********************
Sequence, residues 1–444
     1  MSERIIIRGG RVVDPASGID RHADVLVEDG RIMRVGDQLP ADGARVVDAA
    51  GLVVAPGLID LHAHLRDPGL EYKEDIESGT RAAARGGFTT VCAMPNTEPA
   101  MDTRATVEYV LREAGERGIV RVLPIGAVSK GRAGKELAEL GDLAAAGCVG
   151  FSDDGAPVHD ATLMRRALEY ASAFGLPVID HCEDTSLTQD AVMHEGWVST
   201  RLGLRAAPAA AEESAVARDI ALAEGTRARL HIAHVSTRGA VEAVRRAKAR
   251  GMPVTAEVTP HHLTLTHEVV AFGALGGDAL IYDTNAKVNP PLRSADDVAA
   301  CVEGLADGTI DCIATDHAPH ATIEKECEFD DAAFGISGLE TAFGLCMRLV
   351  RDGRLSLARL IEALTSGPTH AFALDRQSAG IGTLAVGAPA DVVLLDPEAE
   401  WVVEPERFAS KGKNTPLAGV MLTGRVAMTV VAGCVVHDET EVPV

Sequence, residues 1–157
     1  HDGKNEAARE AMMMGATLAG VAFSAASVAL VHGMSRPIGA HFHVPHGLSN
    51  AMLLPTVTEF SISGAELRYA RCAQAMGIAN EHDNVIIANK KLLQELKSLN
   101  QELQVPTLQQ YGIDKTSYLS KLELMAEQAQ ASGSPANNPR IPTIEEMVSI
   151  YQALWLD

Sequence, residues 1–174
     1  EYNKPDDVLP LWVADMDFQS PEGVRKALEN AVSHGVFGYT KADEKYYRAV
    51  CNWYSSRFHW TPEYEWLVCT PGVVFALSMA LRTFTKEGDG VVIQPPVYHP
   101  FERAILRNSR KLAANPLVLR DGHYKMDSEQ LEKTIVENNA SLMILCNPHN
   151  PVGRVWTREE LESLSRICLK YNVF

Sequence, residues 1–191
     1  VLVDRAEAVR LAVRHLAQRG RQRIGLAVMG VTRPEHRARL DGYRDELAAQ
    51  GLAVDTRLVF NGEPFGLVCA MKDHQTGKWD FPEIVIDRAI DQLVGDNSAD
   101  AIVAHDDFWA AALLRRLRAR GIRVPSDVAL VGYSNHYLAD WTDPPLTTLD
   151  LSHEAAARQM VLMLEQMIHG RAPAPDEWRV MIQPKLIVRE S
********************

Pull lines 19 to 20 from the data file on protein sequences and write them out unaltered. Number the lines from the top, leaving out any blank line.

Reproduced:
   101  FERAILRNSR KLAANPLVLR DGHYKMDSEQ LEKTIVENNA SLMILCNPHN
   151  PVGRVWTREE LESLSRICLK YNVF